24 March 2014
Over the weekend, we finally made it to the Perdana Botanic Gardens, or Taman Botani Perdana in Malaysian. Lovely green oasis in the middle of the city, the way many large city parks tend to be.
I enjoyed the ASEAN sculpture garden. ASEAN stands for Association of SE Asian Nations, and includes Brunei, Cambodia, Indonesia, Laos, Malaysia, Myanmar (formerly Burma), Philippines, Singapore, Thailand, and Vietnam.
So the sculpture garden contains not only sculpture designed and created by artists in those countries, it also is designed to represent those nations and to promote peace and understanding amongst the member countries.
The sculptures have names like "Progress" and "Growth" and "Peace" - each one was created by a different artist and represents their vision of the ASEAN region. Some appear very industrial, like the giant metal thing that looks like a huge fan, or maybe some mad scientist's nuclear reactor or something. Another looks like monstrous jacks from a giant children's game.
Then there are marble columns turning into steps and winding their way skyward - obviously growth. Even though it kind of looks like a wing, from a distance. And the walkway was equally decorative!
We had fun walking around viewing all of this, and enjoying the quiet green of the park. We walked, wandered, lost our way, found the road we wanted, found it was under construction and blocked off, backtracked and formed a new route through the park. All in the tropical heat and humidity that characterizes KL and Malaysia.
We had a nice
long walk around part of the park, and somehow found a Malaysian TV
drama being filmed - the man in the plaid shirt plays the father of the
little girl, whose head you can just see over his left shoulder. She
had to sit as if she just fell off the bottom of the slide, and sat
crying for her dad. He runs in.
Well, of course we somehow ended up chatting with some of the production staff - the guy at the food center, the production assistant or something, eventually the "talent" (also known as actors). Richard asked what the story line was - I told him the father was a single parent, this was his little girl, and he probably was dating a slutty woman on the side who the little girl hated. (It's a formula for daytime TV, right?) The food center guy laughed and agreed that was pretty much the plot.
The funniest part was when the very cute little girl, maybe age 6 or so, came over and shook Richard's hand and then mine - I guess maybe she's a local celebrity? We also chatted with the guy who plays her father, and joked with the director about being extras in the show - but they didn't need any white tourists wandering around.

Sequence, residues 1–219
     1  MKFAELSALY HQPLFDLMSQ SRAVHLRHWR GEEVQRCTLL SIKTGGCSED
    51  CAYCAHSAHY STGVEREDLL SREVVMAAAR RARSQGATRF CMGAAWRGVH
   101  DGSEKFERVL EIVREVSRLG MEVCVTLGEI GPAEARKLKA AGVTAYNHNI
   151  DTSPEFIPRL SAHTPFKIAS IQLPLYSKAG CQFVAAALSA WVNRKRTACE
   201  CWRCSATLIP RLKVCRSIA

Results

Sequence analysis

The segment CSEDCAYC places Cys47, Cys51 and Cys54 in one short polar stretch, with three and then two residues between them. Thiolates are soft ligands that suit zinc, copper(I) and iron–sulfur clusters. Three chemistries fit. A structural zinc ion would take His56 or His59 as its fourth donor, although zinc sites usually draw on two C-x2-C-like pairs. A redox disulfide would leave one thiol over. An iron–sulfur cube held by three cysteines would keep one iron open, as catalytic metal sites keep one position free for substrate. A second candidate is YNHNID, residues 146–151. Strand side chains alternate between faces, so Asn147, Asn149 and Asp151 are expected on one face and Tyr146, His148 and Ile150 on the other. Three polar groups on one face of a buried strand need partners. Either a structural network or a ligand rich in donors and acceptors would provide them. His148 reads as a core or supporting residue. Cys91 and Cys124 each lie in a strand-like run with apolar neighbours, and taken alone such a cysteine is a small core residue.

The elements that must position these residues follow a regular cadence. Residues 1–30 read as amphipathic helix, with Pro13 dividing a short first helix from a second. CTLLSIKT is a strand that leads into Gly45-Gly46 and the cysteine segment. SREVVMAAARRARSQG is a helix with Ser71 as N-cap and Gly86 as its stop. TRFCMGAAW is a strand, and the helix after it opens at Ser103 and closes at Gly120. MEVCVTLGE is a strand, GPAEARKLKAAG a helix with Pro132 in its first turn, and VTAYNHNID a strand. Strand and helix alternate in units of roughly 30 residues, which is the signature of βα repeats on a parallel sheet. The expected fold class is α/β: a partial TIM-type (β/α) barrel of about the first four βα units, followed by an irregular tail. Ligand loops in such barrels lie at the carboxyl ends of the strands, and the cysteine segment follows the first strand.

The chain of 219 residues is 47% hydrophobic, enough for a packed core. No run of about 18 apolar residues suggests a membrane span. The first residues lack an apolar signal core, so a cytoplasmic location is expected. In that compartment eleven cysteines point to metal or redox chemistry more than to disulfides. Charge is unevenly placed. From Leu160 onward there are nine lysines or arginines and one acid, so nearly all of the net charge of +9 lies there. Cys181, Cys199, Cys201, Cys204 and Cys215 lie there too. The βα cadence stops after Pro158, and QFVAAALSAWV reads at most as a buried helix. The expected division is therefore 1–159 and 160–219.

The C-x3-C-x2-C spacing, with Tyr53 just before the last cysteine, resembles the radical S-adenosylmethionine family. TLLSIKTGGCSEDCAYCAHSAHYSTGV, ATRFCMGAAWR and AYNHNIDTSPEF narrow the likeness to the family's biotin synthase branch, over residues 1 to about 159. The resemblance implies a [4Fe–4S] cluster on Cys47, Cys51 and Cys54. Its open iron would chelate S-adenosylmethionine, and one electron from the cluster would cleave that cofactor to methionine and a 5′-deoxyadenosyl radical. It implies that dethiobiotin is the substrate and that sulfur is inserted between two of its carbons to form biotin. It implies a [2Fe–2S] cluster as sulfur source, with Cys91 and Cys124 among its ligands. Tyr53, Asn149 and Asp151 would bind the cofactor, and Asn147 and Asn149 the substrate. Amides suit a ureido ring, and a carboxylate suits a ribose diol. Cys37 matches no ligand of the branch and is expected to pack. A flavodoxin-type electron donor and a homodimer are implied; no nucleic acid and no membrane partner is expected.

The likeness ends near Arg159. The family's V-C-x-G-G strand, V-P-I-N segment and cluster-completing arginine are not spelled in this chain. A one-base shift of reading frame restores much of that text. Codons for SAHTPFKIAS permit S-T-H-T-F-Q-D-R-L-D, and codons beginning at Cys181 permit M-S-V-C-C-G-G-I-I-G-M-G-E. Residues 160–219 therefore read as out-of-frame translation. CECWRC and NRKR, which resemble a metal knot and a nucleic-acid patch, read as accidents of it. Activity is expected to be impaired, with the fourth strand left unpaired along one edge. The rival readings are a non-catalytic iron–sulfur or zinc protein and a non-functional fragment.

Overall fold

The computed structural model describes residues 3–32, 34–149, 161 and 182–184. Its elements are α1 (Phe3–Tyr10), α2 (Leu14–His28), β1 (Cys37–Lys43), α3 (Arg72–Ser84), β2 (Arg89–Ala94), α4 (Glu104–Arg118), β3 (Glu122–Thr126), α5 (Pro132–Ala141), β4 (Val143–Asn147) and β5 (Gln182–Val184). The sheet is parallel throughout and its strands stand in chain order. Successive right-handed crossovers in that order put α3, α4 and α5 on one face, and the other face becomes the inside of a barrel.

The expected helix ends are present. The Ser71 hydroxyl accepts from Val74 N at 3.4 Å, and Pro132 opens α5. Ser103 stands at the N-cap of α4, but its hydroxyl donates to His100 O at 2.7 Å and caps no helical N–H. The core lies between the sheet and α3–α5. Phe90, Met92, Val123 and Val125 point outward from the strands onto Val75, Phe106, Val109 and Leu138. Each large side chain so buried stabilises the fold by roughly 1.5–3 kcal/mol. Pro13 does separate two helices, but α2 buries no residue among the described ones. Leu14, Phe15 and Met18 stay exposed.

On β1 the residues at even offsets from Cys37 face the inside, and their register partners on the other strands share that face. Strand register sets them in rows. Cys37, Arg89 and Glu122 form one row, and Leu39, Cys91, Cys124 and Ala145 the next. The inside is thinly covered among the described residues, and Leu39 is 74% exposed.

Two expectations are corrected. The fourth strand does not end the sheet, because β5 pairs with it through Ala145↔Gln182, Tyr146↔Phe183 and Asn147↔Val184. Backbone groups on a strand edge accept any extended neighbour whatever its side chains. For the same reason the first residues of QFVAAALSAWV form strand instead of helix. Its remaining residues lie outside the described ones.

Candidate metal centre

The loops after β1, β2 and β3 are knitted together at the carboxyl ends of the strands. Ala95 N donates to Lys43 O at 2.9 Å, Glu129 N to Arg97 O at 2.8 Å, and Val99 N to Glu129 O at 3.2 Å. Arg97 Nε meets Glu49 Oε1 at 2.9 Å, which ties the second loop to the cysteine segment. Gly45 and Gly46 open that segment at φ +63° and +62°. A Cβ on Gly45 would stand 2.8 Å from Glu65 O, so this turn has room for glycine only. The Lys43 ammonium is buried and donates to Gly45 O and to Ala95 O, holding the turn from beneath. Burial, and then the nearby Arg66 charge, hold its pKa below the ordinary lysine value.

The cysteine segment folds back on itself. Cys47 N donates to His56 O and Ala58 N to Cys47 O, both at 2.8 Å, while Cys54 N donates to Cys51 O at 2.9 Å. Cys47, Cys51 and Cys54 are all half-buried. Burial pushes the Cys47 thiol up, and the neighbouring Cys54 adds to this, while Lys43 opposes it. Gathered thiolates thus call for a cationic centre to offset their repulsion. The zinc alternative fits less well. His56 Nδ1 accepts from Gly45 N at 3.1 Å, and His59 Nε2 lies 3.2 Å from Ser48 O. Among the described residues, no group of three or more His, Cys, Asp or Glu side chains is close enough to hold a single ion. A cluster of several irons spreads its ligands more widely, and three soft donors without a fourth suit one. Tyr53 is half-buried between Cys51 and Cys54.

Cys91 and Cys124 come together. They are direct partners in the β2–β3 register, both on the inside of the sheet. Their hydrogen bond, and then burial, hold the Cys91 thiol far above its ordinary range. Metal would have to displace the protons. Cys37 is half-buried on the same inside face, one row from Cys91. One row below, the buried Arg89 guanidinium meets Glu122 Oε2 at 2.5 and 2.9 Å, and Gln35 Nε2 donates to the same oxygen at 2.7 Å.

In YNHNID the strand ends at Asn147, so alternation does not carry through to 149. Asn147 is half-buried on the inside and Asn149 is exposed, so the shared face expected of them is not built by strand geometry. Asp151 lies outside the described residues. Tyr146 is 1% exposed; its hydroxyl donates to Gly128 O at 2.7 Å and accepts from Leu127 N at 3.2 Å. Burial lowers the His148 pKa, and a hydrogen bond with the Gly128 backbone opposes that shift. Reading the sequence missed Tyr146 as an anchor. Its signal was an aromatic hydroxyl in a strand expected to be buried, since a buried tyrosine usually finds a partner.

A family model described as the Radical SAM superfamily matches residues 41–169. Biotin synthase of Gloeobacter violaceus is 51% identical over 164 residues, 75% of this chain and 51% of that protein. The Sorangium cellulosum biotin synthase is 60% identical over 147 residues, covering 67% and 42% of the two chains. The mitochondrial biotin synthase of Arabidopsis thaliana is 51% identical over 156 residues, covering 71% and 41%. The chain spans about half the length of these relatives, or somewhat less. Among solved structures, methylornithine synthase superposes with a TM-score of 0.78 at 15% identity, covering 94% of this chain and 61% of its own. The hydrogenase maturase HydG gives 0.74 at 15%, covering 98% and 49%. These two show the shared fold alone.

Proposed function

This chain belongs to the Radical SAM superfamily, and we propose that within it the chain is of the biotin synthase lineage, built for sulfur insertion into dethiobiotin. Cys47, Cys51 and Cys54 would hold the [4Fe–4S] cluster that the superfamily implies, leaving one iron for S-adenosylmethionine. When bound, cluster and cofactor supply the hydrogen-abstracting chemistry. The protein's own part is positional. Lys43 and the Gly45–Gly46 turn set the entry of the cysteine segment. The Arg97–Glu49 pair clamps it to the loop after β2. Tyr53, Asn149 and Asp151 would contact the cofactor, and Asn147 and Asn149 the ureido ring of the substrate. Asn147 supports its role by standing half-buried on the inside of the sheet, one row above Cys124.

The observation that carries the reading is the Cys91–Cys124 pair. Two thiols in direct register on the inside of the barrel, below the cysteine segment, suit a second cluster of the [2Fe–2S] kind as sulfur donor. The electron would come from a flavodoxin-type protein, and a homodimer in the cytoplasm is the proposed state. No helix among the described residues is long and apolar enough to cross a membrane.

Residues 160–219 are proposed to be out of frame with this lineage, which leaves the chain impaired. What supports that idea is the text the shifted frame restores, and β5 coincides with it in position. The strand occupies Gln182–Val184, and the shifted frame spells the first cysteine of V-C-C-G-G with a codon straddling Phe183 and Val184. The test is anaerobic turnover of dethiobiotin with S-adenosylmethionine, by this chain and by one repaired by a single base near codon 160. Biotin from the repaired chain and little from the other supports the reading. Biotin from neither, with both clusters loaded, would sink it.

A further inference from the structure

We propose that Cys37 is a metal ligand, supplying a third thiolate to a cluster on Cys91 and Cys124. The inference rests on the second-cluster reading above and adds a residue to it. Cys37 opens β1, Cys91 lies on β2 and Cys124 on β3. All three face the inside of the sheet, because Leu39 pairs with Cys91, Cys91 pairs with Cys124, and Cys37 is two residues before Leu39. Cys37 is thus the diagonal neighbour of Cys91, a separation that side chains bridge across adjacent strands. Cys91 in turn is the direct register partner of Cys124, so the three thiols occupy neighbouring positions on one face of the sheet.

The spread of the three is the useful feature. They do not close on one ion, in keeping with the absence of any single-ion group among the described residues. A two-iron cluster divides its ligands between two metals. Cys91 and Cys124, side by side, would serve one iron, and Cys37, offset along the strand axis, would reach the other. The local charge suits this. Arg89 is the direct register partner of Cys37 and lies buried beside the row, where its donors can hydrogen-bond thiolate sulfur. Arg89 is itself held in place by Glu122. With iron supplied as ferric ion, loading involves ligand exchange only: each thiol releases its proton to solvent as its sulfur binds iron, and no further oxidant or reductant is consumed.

So, after that excitement, we found the little golf-cart-bus that goes around the park. For two ringgits each (all of $.60 US) we could ride around the park. After our two miles or so, in the heat, we decided to ride. It was well worth our two ringgits! Plus one of the riders ran up to the driver and co-driver, offered them mini-cupcakes, they said to give them to us - I said I didn't need one so they gave it to a little girl in back of us, but Richard enjoyed his very ornate little cupcake!
So we rode around the park, seeing the lovely grounds, a variety of bridges over the man-made lakes and connecting channels, and went by some of the attractions: the bird park, the herb garden, the orchid garden, and of course several tea houses.
Oh, and remember how some of the previous KL posts had photos of the lovely decorative street lights? Check out the gorgeous hibiscus street lights around the garden! How absolutely appropriate to have giant red hibiscus blossoms on the multi-lane highway cutting through the city! I think the hibiscus must be the national flower, or maybe the state flower for whichever state this is - the currency has a red hibiscus, we see it on signs, the national emblem, and now these Alice-in-Wonderland-like street lights! I love it!
Our taxi on the trip back went past several beautiful old government buildings. These were over 100 years old, and are wonderful examples of what is called Moorish architecture - meaning the design is based on the mosques built in northern Africa and Spain. The buildings definitely had a mosque-like look, with towers, domes, intricately-shaped arches, and even the alternating stripes of stucco and brick. So exotic, and so unexpected in the middle of SE Asia! Really, they were reminiscent of the Mezquita in Cordoba, Spain, which we visited several years ago - so they seem (to me) just sort of incongruous in Malaysia. But the sultan who converted to Islam way back in 1400-something apparently invited some Muslim architects as well as scholars to come to Malaysia, as did subsequent sultans, and so Malaysia has a heritage of these gorgeous Moorish buildings. One more unexpected treat!
It was just one of those crazy days!